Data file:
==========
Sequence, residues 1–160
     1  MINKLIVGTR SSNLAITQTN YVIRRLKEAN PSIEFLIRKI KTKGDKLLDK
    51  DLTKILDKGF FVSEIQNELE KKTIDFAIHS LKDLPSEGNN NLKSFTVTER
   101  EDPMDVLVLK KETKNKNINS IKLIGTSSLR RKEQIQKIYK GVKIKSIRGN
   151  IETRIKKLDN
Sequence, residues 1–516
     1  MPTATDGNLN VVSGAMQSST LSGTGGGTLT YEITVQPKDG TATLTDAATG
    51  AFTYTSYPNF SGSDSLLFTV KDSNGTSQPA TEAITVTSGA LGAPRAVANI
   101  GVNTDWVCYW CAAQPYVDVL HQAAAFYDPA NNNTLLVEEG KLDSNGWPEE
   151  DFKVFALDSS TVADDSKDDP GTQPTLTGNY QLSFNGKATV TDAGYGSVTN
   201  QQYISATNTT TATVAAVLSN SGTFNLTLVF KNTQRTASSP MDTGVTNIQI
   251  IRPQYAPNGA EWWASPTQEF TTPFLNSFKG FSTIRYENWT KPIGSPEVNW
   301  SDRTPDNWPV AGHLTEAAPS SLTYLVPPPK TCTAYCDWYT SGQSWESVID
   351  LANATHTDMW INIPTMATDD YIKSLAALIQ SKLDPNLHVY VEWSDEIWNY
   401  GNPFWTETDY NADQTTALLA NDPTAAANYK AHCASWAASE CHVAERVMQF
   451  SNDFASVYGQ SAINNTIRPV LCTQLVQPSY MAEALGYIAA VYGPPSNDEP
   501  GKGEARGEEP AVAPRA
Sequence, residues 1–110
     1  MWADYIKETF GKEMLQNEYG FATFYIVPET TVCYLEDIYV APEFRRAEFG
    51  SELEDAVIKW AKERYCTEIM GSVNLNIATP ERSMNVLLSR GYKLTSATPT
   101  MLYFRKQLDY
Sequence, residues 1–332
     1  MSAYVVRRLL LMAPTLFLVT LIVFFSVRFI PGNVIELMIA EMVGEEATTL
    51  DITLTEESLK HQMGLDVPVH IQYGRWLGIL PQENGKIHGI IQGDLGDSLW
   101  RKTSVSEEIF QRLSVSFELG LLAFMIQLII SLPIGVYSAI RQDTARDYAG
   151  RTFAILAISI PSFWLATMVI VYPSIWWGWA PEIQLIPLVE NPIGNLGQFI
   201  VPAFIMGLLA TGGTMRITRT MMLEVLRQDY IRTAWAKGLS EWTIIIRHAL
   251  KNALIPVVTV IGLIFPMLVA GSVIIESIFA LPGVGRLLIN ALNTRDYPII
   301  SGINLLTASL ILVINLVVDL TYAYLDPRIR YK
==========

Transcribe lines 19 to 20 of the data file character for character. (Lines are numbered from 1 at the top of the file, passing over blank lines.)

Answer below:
     1  MWADYIKETF GKEMLQNEYG FATFYIVPET TVCYLEDIYV APEFRRAEFG
    51  SELEDAVIKW AKERYCTEIM GSVNLNIATP ERSMNVLLSR GYKLTSATPT